The Temple of Literature is about 10 minutes away from Hoan Kiem lake. It was constructed in 1070 under Ly Thanh Tong’s dynasty, first to honor Confucius and nowadays to celebrate the doctorates and high rank scholars of Vietnam. In 1076, King Ly Nhan Tong continued the work and built Quoc Tu Giam as the first university of Vietnam.
The temple is divided into five court yard, each with its own significance and history. The first courtyard stretches from the main gate to Dai Trung gate; the second stands out with Khue Van Cac pavilion. If you notice well, you will find the pavilion symbol on all street signs of Hanoi. The third courtyard is where doctor names was listed on a tombstone above tortoise backs.
There are a total of 82 tombstones, with names and origins of 1307 doctors, corresponding to 82 examination courses from 1442 to 1779. If you visit the temple at the beginning of the year or in May when many important examinations take place, you will catch sights of numerous students who come and rub the tortoise head. Such an act is believed to bring them luck to pass the test.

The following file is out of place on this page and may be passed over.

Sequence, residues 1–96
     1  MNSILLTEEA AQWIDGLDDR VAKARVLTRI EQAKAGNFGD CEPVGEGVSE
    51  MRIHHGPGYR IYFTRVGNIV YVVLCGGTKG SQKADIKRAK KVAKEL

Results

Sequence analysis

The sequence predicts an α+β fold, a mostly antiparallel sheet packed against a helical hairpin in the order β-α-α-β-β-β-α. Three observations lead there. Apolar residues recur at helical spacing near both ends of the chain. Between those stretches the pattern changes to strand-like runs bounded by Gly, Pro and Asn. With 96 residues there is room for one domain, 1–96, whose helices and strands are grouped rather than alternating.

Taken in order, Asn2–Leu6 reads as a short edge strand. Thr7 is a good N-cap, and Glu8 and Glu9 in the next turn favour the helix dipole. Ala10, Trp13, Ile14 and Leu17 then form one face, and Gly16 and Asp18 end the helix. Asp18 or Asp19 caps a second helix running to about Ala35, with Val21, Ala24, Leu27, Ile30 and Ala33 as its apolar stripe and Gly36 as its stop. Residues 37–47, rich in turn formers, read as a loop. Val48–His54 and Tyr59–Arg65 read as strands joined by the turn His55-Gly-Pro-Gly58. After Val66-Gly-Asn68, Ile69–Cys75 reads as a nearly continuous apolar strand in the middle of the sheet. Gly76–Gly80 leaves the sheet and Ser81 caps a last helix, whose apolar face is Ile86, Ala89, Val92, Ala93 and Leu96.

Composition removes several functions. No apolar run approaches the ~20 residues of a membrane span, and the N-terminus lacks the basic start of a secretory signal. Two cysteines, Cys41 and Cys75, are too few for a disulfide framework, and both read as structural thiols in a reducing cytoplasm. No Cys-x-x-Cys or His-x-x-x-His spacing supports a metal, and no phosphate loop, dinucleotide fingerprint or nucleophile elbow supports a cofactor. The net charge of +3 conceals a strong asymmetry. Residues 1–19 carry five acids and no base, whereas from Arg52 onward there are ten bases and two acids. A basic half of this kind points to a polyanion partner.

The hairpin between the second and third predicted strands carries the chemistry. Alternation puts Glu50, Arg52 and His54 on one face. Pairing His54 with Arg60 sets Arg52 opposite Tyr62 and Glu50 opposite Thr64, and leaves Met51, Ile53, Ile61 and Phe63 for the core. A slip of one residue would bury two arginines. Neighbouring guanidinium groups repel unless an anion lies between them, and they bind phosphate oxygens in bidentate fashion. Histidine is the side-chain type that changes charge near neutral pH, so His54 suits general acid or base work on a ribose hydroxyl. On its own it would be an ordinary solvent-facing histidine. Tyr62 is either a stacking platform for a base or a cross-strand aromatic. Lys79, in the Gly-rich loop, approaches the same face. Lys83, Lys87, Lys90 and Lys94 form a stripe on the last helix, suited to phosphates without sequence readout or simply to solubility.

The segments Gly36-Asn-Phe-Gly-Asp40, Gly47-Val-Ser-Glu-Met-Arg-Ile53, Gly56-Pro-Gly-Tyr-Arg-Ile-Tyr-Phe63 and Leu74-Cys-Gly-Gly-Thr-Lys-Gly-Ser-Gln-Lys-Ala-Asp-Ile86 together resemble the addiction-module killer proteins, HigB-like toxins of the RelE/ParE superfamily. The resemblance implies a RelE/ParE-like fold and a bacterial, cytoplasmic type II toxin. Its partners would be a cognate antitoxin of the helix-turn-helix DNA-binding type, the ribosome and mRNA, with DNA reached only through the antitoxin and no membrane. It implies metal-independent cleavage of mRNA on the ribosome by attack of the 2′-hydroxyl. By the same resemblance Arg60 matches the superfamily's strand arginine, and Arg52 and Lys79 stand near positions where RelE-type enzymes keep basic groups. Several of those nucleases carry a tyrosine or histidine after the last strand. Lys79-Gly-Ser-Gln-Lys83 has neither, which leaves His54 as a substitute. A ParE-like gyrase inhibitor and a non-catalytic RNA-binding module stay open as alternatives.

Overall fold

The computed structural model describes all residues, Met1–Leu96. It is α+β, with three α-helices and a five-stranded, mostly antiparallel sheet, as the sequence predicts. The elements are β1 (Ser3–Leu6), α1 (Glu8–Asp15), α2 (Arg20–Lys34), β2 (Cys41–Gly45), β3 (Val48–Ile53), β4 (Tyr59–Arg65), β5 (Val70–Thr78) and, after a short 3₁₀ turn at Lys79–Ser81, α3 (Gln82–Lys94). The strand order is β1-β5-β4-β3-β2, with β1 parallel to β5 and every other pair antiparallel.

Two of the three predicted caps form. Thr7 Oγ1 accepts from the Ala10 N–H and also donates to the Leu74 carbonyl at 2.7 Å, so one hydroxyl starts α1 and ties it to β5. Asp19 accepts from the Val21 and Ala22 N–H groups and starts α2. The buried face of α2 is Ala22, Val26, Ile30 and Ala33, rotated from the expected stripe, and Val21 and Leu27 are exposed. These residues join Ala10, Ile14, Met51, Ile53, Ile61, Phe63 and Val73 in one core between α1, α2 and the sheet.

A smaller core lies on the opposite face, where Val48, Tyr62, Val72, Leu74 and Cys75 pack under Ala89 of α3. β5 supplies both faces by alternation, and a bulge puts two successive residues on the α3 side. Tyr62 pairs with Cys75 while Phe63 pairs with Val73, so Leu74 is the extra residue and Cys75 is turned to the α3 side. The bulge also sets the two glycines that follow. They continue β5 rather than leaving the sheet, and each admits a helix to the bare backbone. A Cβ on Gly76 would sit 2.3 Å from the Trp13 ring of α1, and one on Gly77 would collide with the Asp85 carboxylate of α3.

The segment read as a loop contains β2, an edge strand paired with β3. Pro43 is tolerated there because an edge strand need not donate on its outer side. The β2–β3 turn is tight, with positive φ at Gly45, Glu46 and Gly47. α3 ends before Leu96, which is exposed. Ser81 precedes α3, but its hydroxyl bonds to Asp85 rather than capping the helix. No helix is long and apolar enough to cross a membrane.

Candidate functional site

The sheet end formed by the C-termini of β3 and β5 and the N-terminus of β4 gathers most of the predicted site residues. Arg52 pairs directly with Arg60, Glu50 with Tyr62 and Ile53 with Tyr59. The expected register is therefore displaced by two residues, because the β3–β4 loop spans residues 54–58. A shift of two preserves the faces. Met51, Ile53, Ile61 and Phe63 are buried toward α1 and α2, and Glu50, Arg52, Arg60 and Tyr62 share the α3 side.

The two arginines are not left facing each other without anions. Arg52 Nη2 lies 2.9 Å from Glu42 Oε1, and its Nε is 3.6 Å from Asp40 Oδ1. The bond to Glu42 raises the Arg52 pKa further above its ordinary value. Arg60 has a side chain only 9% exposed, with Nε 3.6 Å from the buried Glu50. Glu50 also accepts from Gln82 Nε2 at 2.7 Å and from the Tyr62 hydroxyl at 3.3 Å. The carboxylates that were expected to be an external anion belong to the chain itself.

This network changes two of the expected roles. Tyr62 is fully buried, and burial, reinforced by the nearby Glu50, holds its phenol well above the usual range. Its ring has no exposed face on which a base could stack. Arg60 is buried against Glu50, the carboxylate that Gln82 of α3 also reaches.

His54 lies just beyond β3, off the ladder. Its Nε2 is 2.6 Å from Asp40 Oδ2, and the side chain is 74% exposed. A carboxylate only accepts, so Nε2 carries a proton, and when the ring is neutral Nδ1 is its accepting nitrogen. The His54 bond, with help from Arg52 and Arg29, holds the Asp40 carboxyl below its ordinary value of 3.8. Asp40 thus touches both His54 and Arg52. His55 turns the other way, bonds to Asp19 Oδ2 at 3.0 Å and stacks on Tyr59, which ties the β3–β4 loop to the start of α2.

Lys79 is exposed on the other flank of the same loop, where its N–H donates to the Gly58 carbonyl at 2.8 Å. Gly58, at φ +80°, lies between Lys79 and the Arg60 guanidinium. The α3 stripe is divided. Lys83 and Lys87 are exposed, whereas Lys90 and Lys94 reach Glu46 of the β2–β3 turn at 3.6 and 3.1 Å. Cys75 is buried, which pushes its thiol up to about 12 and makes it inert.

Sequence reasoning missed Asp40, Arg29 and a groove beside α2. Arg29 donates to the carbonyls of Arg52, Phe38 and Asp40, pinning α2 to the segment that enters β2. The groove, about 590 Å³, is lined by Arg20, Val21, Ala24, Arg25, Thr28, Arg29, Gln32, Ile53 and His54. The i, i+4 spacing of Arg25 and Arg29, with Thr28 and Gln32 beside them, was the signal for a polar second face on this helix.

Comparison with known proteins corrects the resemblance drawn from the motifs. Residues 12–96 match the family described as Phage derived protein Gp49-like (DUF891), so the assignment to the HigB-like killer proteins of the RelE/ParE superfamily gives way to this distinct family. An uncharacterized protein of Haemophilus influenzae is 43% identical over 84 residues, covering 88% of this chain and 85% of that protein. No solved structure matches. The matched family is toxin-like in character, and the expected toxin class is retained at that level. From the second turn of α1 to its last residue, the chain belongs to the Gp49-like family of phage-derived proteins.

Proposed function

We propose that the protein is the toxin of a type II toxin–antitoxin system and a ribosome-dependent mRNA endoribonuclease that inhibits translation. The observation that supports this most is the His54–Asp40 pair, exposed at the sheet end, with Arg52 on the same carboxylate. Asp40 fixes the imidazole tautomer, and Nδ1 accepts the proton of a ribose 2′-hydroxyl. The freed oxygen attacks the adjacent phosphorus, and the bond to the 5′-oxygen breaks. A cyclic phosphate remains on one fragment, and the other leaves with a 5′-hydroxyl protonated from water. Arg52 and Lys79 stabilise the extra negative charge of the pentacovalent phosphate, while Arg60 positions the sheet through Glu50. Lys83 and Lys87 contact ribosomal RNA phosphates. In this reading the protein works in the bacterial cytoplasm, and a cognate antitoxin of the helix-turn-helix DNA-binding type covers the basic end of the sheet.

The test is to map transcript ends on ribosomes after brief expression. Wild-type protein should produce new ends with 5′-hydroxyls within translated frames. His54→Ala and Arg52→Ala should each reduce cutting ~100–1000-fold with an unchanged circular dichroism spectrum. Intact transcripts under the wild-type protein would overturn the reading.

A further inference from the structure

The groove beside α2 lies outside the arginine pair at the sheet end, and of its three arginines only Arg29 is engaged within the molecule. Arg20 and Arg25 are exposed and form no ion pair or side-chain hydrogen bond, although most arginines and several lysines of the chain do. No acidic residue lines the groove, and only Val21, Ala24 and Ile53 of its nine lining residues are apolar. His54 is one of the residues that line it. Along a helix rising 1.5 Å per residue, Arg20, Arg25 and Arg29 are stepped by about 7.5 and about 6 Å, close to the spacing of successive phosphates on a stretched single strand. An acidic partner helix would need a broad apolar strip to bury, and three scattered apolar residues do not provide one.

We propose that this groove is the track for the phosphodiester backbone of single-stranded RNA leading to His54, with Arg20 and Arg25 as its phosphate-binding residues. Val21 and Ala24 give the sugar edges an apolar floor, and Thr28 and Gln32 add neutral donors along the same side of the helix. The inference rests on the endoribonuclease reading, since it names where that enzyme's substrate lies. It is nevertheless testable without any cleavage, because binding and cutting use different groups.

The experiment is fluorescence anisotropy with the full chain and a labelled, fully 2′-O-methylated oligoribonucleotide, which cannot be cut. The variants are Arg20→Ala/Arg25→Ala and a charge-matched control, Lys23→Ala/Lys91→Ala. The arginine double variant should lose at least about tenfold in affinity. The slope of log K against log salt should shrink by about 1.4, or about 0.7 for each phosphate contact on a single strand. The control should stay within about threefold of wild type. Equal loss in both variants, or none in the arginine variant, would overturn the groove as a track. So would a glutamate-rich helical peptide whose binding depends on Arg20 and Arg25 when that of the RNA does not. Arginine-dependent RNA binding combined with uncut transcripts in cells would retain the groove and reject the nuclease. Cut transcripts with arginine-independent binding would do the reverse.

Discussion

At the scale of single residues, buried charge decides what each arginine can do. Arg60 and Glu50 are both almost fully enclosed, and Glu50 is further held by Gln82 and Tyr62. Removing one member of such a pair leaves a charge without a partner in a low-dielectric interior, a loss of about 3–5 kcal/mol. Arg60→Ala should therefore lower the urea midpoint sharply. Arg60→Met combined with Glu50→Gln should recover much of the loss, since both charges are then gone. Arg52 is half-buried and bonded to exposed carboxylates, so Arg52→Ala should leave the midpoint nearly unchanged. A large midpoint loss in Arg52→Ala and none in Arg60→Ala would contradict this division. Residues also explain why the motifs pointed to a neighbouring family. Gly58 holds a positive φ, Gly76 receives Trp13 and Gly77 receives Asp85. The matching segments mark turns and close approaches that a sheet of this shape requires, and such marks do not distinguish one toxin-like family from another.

The fourth courtyard is dedicated for Confucius and his 72 honoured students, as well as Chu Van An- a famous teachers known for his devotion to teaching. This is also where local authorities choose to cherish brilliant students in Hanoi, like those with top entrance results to university or top graduation outcomes. The last and also furthest courtyard is Thai Hoc house, which used to be Quoc Tu Giam- the first university of Vietnam. Thai Hoc house holds a small collection of old time costumes for students and mandarins, as well as explaining the process of taking and passing the national examination.
If you are keen on architecture, Temple of literature has one of the most typical architecture style for centuries in Vietnam, composed of wood and tiles. Along the pass way is hundred-year-old trees that have witnessed ups and downs of history.
The entrance fee for the complex is 10,000 VND (about 50 US cents). Opening hours: 8:30 to 11:30 and 13:30 to 16:30 everyday except Monday and national holidays.